The Piazza San Marco and the adjoining Piazzetta are the heart and soul of Venice and are surrounded by history on every corner. The infamous space is the only formal square in the city other than the Piazzale Roma which is now home to a bus station.
The beauty of the square is staggering as the vast open space covered with cobbles is home to many of Venice's most famous sights. Most notably, the Basilica di San Marco stands at the head of the square and is reknowned for its distinct and somewhat unusual style. In addition, the Clock Tower is impossible to miss on the corner between the Piazza and the Piazzetta.
The rest of the buildings are just as grand with the Palazzo Ducale (Doge's Palace) lining one side of the Piazzetta and a number of beautiful stone buildings home to many shops and restaurants all around. You really have to visit the place to appreciate the aura and the intricate detail in every little part of it. Interestingly, much like many parts of Venice, the square gets covered in water during high tide which can make the surrounding buildings look somewhat surreal.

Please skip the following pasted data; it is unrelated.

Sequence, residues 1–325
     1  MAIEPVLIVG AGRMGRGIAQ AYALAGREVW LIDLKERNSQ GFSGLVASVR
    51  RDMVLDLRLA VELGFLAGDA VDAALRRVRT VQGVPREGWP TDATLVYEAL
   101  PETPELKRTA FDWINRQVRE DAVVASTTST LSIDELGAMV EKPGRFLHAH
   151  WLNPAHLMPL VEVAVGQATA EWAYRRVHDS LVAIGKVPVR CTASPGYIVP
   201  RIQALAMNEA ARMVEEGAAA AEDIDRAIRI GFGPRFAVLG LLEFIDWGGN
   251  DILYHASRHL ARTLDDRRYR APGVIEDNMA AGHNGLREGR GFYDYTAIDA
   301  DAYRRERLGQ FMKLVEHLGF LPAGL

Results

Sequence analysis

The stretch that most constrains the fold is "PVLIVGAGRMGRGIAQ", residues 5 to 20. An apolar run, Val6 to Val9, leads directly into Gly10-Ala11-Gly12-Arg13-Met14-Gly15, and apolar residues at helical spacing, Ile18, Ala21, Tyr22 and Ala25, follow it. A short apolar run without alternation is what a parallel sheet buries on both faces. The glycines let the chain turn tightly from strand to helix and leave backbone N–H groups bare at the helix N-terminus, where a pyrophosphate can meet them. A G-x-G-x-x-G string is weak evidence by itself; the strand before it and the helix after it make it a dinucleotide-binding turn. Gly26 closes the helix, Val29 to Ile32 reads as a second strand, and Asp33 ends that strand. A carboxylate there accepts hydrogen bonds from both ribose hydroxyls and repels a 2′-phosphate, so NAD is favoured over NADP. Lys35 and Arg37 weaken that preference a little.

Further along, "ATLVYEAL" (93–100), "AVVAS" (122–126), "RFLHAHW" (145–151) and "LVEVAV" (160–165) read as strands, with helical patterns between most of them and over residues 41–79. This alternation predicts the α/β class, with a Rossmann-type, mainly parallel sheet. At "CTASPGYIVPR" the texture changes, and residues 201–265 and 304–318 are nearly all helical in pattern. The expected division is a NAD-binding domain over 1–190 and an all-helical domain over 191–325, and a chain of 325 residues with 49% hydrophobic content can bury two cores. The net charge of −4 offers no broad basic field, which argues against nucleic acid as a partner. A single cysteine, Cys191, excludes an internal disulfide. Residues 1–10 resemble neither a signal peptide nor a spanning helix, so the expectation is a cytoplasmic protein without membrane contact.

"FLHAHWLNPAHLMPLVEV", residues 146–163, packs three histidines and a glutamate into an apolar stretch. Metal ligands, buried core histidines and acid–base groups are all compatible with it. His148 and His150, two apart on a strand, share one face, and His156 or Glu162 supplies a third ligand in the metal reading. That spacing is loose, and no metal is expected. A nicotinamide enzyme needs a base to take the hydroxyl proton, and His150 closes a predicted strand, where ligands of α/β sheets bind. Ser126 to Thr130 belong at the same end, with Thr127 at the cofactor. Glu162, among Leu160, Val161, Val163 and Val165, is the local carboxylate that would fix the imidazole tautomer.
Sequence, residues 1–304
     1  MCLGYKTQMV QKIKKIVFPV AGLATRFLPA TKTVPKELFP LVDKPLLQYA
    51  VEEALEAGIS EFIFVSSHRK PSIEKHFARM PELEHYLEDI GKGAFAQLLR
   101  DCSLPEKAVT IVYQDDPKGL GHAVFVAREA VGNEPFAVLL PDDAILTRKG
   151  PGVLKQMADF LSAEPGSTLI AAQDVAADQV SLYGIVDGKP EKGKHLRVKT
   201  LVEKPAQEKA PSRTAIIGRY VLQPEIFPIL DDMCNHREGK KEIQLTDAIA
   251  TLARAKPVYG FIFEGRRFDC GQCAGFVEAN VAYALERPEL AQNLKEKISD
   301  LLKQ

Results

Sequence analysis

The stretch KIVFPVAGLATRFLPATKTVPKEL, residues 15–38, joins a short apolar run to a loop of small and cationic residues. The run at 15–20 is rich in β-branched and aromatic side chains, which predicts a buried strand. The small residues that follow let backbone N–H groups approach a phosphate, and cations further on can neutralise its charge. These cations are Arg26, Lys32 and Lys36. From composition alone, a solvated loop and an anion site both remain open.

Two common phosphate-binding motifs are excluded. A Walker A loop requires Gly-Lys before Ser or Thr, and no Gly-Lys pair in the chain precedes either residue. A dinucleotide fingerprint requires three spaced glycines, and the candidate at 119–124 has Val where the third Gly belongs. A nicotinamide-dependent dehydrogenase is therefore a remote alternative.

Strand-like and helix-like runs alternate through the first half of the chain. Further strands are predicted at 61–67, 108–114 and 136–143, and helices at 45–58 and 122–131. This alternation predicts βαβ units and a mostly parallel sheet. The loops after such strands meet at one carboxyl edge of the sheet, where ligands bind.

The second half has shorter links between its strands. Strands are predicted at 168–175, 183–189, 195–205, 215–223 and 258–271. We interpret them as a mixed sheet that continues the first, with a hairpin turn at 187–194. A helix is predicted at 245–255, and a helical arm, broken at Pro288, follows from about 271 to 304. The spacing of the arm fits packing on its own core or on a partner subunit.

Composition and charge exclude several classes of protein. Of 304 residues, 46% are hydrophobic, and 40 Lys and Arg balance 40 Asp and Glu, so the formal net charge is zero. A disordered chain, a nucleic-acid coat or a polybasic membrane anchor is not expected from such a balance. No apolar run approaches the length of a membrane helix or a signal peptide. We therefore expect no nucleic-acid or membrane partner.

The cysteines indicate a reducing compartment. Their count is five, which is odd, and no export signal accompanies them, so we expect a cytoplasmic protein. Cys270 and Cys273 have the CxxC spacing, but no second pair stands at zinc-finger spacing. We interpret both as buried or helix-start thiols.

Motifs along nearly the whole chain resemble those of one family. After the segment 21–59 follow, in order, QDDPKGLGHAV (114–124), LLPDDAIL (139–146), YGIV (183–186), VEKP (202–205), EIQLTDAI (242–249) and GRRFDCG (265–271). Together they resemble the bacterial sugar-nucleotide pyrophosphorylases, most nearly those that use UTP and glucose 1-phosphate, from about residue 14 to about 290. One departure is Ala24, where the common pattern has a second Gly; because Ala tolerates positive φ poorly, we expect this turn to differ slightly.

Although little remains of Venice's ancient past, the Piazza's origins go back to the 9th century when the first chapel was built on the site of today's Doge's Palace. While initially it was dedicated to St Theodore, the patron saint was changed as St Mark's remains were brought to the city from Alexandria in Egypt.
A number of early churches and buildings surrounding the square were erected during the following two centuries as the city gradually grew into a major trade hub. Its prominent position along major trade routes made it one of the fastest growing cities of its time and the early medieval Piazza was bustling.
As wars waged on, many of the spoils ended up in Venice as buildings constructed on all sides used marble from the Turkish conquest. Many of the columns and other features around the square today originally came from Crusades and African exploration. Many of the grand buildings seen today were built during the Renaissance which can easily be seen from many of the distinctive features of the period. Most notably, the Doge's Palace and the Basilica were expanded due to the small size of the previous versions of the buildings.
Major changes to the square happened under Napoleon as the city surrendered in 1798. A number of statues were taken down as they were seen to be symbols of the city's independence, but were later restored under Austrian rule. Many of the collonaded façades and buildings around the square were either constructed or altered by Napoleon as he wanted the Piazza's grandure to represent the might of his Empire.
Throughout the Year
Piazza San Marco